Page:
OCR Interpretation


The day book. (Chicago, Ill.) 1911-1917, May 22, 1915, NOON EDITION, Image 20

Image and text provided by University of Illinois at Urbana-Champaign Library, Urbana, IL

Persistent link: http://chroniclingamerica.loc.gov/lccn/sn83045487/1915-05-22/ed-1/seq-20/

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ifiantly, the stenographer upon her
feet in terror, and the bearded, middle-aged
man confronting George
dramatically.
He did not take his eyes from
George, but called to Henry to come
in and close the dooF, .
"I'm the United States" marshal for
this federal district," he explained
quietly, "and I am instructed to place I
tne government seal upon everytmng
here. Kindly do not attempt to leave
this room. It is not necessary to cre
ate a panic outside. I will take the
books and ask for Mr. Pentland's
company to the federal jail."
"What's my son done?" besought
the old man.
"He is suspected of having orga
nized a crooked concern known as
the Alpha Gold Mining company."
"But I've put $18,000 into it,"
wailed Henry Pentland.
"I'm afraid you won't see it again."
answered the marshal. "Now, Mr.
Pentland, are you ready?"
"See here, George," shouted his fa
ther, "is this all bunk or what?""
"He's lying," muttered George, but1
without conviction. "See here, how
much will you take to give me twelve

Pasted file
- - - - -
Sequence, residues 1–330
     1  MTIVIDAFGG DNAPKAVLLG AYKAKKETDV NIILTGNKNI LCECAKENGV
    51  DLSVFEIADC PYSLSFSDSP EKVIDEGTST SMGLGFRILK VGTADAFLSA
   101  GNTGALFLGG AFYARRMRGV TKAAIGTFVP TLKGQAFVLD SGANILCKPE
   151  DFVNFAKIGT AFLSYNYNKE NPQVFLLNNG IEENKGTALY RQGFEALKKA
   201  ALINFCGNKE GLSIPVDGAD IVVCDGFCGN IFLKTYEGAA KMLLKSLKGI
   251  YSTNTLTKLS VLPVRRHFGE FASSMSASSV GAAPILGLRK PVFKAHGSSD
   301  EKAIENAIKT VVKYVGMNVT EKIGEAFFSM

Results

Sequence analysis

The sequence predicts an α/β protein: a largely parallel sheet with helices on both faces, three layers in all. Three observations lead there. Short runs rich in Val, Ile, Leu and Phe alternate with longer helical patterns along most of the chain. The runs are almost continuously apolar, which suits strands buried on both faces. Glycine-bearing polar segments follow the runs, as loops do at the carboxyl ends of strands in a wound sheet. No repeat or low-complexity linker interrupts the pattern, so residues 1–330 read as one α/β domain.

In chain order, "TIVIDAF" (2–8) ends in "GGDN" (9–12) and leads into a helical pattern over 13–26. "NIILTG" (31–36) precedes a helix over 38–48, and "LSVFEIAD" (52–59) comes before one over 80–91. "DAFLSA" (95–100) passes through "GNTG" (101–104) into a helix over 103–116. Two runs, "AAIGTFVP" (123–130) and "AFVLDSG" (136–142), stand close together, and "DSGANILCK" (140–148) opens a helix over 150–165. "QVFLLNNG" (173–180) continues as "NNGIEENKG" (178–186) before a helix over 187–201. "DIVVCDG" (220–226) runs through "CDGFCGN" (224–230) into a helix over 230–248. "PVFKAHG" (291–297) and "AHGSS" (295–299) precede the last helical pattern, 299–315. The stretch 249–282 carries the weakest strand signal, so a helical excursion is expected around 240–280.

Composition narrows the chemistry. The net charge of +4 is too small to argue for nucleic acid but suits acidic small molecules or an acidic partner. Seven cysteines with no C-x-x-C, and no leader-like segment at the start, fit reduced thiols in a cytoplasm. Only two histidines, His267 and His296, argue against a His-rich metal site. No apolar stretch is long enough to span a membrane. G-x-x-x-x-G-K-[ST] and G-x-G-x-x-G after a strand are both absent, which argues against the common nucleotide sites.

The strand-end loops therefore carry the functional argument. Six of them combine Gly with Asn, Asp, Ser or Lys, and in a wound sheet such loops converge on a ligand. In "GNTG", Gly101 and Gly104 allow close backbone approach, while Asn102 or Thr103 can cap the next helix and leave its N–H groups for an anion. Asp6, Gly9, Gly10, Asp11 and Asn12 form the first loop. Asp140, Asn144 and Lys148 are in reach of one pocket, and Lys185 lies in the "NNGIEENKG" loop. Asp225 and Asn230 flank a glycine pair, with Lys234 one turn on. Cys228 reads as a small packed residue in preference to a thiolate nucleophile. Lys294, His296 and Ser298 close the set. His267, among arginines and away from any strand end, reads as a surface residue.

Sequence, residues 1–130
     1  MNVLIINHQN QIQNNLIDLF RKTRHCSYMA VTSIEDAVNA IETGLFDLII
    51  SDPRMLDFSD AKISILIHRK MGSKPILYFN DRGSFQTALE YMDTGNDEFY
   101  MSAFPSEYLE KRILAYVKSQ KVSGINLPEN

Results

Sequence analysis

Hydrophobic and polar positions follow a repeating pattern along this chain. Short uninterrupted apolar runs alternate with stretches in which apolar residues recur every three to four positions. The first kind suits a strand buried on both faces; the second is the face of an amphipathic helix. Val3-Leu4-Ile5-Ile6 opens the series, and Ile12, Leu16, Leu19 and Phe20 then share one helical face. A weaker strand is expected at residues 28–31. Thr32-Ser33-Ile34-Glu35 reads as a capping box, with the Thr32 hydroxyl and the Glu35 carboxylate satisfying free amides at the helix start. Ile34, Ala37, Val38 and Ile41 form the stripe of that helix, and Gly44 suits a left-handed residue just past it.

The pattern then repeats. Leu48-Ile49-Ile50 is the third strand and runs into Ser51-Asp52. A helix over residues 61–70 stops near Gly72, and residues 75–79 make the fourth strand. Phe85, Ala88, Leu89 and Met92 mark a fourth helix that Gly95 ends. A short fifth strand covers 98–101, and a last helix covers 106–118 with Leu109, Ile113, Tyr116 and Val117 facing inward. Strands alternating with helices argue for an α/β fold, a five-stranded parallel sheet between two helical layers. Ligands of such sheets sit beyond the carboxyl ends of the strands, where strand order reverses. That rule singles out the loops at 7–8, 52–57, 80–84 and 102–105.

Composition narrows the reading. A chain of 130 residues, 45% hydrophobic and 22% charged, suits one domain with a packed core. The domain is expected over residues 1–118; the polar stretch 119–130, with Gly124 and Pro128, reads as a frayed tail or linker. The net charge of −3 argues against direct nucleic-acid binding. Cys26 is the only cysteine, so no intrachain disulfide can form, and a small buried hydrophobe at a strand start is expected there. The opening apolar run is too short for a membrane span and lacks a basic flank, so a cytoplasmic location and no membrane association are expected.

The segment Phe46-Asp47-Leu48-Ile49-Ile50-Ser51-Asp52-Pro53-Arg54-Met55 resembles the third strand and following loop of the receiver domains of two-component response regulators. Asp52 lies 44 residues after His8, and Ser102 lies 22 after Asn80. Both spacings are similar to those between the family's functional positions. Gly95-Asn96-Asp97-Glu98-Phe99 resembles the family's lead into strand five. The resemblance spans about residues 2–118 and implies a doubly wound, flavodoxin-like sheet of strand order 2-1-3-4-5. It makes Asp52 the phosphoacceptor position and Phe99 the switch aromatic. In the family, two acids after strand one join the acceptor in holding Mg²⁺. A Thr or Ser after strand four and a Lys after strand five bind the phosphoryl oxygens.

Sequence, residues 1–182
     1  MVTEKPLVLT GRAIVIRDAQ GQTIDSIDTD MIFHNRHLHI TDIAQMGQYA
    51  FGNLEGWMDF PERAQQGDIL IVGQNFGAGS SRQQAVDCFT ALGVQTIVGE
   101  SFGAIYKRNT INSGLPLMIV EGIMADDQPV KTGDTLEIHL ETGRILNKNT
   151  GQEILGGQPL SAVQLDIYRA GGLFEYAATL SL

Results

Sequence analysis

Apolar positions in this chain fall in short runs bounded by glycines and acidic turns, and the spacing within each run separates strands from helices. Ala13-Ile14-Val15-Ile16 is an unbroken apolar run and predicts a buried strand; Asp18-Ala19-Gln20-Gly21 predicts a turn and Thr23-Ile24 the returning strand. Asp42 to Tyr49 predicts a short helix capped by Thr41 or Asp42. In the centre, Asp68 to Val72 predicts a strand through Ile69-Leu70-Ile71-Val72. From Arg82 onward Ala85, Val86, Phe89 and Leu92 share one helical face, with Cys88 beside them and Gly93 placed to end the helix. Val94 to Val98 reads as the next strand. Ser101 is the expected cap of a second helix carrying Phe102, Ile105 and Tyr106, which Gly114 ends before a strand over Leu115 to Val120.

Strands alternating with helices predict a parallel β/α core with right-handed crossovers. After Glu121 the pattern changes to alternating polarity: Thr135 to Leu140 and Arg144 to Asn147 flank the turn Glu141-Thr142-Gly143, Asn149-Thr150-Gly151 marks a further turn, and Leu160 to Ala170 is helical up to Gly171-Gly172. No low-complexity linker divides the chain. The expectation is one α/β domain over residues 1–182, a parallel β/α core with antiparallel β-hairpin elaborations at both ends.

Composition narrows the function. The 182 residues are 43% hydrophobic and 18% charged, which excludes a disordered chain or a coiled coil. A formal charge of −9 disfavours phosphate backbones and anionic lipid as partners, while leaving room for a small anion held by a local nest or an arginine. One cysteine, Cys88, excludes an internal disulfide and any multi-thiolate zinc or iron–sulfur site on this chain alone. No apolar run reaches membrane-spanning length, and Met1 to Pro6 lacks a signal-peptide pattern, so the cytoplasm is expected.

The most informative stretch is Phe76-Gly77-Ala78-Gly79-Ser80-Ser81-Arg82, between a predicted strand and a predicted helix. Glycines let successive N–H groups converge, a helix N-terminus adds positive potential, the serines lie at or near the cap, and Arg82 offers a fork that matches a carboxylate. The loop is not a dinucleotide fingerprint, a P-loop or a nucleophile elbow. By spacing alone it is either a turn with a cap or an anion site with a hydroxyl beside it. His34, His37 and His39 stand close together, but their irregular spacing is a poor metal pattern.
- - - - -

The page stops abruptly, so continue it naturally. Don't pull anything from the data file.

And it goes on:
hours' grace?" he continued, turning
to the marshal.
"Oh, George!" moaned Henry Pdnt
land. all his ambitious dreams shat
tered. "You scoundrel, give me my
$18,000 or I'll have you hauled off to
the penitentiary," he continued.
George Pentland held a short whis
pered colloquy with the marshal. At
the end of that time he sat down and
wrote out a check, which he tossed
across the table to his father. It was
for $18,000.
"Take it, and don't let me see your
face again!" he snarled, and, clap
ping on his hat, he strode out of the
office.
The marshal took the old man by
the arm.
"It's made out to bearer," he said,
taking up the check, "and well go
and get it cashed before closing
hour."
Fifteen minutes later Henry Pent- '
land, with $18,000 in bills upon his
person, entered a cab.
"Ill never forget your kindness,
never," he sobbed to the federal mar
shal. "That scoundrel robbed me of
my hard-earned savings, and I had
trusted him completely. Now, he's no
longer a son -of mine. I cast him off.
I've got another -son, but I ain't treat
ed him well," and I can't rightly expect
him to' have-anything to do with me."
Then the marshal, stepping into the
cab, pulled the beard from his face,
revealing the features of Charles.
He- grabbed his father's hand in
his.
"Let's shake and forget it, dad,"
he said, "We'll get home and tell,
Lida and Toodles. What dp you say?
Henry Pentland said little, because
the' "shock stunned too heavily, but
the look upon his face was sufficient
answer.
o 0-7
HEAD OF B. L. E. AUXILIARY ;
.AMiU-dock
Mrs. W. A. Murdock of Chicago,
grand president of the International
Woman's Auxiliary to the Interna
tional Brotherhood of Locomotive
Enginers now in session in Cleveland,
o
. sKAtt

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